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Illustration: Sarah Grillo/Axios

The future of natural gas could rest at least partly on whether the widely used fuel keeps going by that name, a new study finds.

Driving the news: Yale University researchers, in a survey, found lower support for several other titles. Those included "natural methane gas," "methane," "fossil gas" and "fracked gas."

The big picture: "Persistent use of the term 'natural gas' in public discourse may lead the public to continue to underestimate the climate risks and harms associated with this energy source," states the paper in the Journal of Environmental Psychology.

  • It notes that prior polling shows favorable public attitudes toward natural gas.

How it works: Part of the study involved asking over 2,900 adults if they had positive or negative feelings for different names, and then to what general degree.

  • Other options all fared worse than the fuel's common name. However, there are also partisan differences, with Republicans more supportive than Democrats of all names, and among Democrats, only "natural gas" is viewed favorably on average.
  • Lower ratings for names other than "natural gas" are present among both parties. But Democrats were even more negative on "fossil gas" and "fracked gas" than "methane," while in contrast, Republicans favorably view "fossil gas" and "fracked gas," albeit less than "natural gas."

Why it matters: Gas, the largest U.S. electricity source, produces far less CO2 than coal when burned. It's a key reason why U.S. power sector emissions fell over the last decade as it displaced coal.

  • But leaks and releases of the potent greenhouse gas methane during production, pipeline transport and other parts of the development and distribution chain erode some of those benefits.
  • And pathways to meeting the Paris Agreement temperature goal require movement away from all fossil fuels.

What we're watching: How much alternatives to the fuel's common name, which the industry prefers, might catch on. Already, some activists and experts have been avoiding the term "natural."

For instance, a new paper on fossil fuels and global warming in the journal Nature uses the term "fossil methane gas."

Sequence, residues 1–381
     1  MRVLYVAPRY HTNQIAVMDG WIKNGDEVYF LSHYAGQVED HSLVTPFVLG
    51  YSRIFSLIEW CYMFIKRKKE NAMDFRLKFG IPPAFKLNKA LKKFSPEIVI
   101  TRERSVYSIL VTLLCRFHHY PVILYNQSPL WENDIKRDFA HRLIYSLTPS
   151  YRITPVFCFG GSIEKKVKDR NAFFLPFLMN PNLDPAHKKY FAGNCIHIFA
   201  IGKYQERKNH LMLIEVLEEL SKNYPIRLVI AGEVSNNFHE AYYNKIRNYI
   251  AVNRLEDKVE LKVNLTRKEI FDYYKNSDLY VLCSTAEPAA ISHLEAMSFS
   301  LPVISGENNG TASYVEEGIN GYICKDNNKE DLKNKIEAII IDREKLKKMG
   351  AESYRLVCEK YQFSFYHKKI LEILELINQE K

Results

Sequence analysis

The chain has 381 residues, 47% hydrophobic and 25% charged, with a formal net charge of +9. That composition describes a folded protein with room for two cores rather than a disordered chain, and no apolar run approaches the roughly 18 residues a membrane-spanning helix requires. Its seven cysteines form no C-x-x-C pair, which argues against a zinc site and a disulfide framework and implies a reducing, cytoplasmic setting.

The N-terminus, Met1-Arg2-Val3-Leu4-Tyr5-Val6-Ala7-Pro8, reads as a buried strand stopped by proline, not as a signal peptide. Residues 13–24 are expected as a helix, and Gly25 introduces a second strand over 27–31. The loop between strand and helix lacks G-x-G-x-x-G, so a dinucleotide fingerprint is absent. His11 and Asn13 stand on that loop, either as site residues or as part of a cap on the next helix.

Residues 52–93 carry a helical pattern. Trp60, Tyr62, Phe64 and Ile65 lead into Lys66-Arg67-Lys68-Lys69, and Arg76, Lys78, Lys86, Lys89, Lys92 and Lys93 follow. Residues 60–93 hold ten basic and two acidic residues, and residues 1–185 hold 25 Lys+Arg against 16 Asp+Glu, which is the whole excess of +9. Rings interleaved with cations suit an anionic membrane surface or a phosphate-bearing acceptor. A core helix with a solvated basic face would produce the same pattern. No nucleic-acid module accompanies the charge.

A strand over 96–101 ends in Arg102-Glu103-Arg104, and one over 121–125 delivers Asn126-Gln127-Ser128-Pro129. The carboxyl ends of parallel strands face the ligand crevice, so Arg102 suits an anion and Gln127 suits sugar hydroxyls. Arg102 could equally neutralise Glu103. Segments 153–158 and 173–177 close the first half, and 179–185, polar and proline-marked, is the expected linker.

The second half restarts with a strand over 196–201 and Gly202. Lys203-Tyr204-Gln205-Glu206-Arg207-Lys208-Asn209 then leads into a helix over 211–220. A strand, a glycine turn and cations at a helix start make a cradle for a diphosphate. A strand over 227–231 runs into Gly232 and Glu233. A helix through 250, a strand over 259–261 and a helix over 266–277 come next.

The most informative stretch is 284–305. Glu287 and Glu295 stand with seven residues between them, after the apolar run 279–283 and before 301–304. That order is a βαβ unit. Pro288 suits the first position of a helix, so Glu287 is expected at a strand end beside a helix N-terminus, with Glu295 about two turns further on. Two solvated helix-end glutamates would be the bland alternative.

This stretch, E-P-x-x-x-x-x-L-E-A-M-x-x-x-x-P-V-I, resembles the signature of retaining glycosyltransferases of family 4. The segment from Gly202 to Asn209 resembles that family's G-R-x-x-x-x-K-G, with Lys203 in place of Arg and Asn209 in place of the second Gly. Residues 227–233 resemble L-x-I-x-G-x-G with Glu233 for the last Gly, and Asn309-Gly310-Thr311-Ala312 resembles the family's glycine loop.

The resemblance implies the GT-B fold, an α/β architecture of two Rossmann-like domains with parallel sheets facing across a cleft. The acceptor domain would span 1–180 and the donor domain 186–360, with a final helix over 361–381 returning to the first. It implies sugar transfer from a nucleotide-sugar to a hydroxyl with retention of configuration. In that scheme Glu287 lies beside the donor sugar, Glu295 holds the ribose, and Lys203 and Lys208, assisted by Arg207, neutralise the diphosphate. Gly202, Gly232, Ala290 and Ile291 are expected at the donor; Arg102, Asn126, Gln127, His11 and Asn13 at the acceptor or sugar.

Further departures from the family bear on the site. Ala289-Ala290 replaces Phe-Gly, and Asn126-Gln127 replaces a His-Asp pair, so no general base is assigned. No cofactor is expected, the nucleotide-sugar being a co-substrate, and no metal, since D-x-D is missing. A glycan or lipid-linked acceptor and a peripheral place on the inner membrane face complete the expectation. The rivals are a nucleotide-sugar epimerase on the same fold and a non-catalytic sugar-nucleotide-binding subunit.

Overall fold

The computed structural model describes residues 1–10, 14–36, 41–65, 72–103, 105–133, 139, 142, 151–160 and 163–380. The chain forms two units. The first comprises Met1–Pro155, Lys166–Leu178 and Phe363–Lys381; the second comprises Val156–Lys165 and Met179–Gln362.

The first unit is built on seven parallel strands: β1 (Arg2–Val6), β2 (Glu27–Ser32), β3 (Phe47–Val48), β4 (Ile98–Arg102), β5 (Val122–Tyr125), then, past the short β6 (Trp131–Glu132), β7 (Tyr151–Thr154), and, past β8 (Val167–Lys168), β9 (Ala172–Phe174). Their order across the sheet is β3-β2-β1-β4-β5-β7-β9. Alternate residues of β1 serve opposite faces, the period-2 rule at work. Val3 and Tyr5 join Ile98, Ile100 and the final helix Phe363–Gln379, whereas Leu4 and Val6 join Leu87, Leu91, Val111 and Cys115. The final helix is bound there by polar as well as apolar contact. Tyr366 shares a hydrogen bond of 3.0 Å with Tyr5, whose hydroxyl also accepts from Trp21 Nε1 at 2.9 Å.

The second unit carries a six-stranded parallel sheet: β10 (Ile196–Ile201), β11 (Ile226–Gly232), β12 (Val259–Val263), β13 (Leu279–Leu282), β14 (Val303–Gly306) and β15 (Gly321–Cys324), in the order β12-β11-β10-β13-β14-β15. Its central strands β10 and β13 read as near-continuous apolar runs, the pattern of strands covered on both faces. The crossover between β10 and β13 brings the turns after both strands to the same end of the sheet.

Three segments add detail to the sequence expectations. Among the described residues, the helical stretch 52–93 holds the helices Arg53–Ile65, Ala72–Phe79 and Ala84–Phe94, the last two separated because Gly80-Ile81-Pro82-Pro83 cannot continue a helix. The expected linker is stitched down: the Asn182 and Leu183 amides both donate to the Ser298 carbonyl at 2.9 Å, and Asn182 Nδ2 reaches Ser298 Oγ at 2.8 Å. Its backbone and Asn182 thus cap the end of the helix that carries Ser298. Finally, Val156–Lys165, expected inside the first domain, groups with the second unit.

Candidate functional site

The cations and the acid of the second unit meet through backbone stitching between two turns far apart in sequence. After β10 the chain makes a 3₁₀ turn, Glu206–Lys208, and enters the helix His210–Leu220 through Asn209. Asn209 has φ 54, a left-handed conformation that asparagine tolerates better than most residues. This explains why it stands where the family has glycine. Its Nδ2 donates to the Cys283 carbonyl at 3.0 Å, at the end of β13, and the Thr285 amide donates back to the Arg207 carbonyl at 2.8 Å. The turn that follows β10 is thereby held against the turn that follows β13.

The intrigue: Co-author of the Journal of Environmental Psychology paper Anthony Leiserowitz said the term "natural" has long been helpful when selling various kinds of products.

  • "'Natural' and 'nature' more broadly has all these positive connotations for people," the Yale climate communication expert told Axios in comments that also reflect the study that's summarized here.
  • "The industry has absolutely benefitted, as this study shows, from the dominant term used to describe this fossil fuel," said Leiserowitz.

The context: The paper arrives amid political and legislative battles over natural gas. Senate Democratic leaders are looking to impose new fees on methane emissions in the wider spending and tax package they're hoping to move on a party-line vote.

The oil-and-gas industry is opposing the effort. Industry groups spelled out their concerns in a recent letter to lawmakers that cites the sector's ongoing moves to rein in methane leaks and supports direct EPA methane regulations.

The bottom line: The paper says that "climate communicators" seeking to speed the transition away from gas should use the term "methane gas" or "methane."

Meanwhile "fossil gas" and "fracked gas" should be "used with caution" depending on the audience, given how they're differently perceived among Republicans and Democrats.

Go deeper

Ben Geman, author of Generate
Oct 18, 2021 - Energy & Environment

Democrats' clean power outlook is very muddy

Illustration: Annelise Capossela/Axios

Here are two big questions as a key Democratic proposal to slash emissions from power generation flounders: how much its demise would sap climate protections, and what might replace it.

Catch up fast: New financial carrots and sticks for utilities to deploy zero-carbon power — the Clean Electricity Performance Program (CEPP) — look unlikely to stay in Democrats' big social spending and climate bill.

55 mins ago - Health

India crosses 1 billion COVID vaccinations milestone

A health worker inoculates a COVID-19 vaccine dose to a man wearing face mask of Prime Minister Narendra Modi in Beawar, India, in September. Photo: Sumit Saraswat/Pacific Press/LightRocket via Getty Images

India's Prime Minister Narendra Modi announced Thursday that the country's health workers have now administered more than 1 billion COVID-19 vaccines doses.

Of note: While this is a significant milestone for the country of 1.4 billion, which has been devastated by the coronavirus, only about 30% of the eligible population has been fully vaccinated against the virus, per AP. Roughly 75% has received at least one dose.

Trump says he plans to launch new social media network in 2022

Photo: Chris Delmas/AFP via Getty Images

Former President Trump on Wednesday announced plans to launch a social media network called "Truth Social," and that it would go public via a SPAC.

Why it matters: Most ex-presidents are focused on their legacies, by creating presidential libraries or engaging in philanthropic endeavors. Trump, however, remains consumed by social media.